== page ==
That’s why the church has a rigorous process before declaring someone a saint. But some figures in the Bible are automatically given the title because of their obvious holiness. A good example is the Virgin Mary, the most venerated saint. 

The Catechism of the Catholic Church states: 

The patriarchs, prophets and certain other Old Testament figures have been and always will be honoured as saints in all the Church’s liturgical traditions.

Importance of Saints in the Catholic Church

Importance Of Saints In The Catholic Church

From here onwards, when we say ‘saints’, we refer to individuals that have been given the Saintly title by the Catholic Church. 

These are individuals considered closest to God in Heaven. Thus, they are best positioned to intercede for us to God.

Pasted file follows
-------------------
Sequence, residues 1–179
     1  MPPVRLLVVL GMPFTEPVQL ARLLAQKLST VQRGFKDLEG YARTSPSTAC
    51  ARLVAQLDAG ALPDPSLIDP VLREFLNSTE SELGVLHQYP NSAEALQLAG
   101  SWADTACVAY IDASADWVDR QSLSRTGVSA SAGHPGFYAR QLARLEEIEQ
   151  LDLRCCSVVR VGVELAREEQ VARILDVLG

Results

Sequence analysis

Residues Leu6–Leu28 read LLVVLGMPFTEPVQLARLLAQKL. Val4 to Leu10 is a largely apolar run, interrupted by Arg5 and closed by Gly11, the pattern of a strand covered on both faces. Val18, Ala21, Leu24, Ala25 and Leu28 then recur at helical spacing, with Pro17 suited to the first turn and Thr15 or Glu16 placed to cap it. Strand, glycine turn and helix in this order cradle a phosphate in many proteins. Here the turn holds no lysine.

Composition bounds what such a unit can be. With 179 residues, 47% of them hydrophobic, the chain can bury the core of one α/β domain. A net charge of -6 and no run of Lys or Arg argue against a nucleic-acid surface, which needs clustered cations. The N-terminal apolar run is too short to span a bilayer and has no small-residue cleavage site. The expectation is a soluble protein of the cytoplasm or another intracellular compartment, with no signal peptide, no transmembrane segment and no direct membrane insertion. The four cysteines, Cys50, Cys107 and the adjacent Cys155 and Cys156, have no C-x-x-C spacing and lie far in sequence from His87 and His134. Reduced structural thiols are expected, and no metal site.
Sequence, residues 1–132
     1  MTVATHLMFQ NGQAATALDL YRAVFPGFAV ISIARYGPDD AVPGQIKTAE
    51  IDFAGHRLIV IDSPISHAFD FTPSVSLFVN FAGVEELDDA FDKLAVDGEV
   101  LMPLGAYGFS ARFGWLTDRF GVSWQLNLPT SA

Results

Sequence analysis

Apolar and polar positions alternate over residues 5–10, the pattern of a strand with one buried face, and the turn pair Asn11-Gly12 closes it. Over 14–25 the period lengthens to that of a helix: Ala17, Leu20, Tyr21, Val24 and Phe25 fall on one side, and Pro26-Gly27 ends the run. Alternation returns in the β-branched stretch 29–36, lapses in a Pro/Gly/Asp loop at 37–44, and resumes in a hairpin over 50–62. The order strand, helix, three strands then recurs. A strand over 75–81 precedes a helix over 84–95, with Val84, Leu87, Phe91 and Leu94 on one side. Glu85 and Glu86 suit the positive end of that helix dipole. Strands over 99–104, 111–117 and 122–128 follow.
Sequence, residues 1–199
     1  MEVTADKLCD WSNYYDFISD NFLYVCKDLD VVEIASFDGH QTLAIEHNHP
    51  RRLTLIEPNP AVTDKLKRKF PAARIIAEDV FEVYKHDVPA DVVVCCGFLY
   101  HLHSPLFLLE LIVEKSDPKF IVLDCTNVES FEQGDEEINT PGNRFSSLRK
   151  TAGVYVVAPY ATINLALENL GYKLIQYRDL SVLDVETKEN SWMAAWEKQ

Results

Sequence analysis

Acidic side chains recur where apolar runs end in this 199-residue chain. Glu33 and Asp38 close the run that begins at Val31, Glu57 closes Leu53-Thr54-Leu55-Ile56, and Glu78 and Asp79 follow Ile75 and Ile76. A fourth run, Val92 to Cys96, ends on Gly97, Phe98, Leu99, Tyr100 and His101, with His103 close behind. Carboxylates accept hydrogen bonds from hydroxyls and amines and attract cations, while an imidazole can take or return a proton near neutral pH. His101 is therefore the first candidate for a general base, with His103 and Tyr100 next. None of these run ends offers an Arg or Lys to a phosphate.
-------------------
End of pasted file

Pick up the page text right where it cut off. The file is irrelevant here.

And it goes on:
That’s why many people presume Catholics worship saints. While Catholics hold saints in high regard, have patron saints for certain causes or professions, and even have special days to celebrate some saints, they certainly do not worship them. 

It’s the same way you might ask a fellow brother or sister to pray for you. The main difference is that a Saint is closer to God and can talk directly to him to plead your case. 

Another reason Catholics ask Saints to intercede for them is that they understand the problems and sufferings they are going through. Most saints suffered greatly on Earth, and a good number are actually Martyrs. So they can sympathise with the trouble you are experiencing. 

What About Idols?

Before we wrap up, let’s also clear the air on the ‘Catholics worship Idols’ misconception. Sculptures and items like the Rosary are merely images or visual aids to remind us of Jesus and encourage us to lead a Holy life.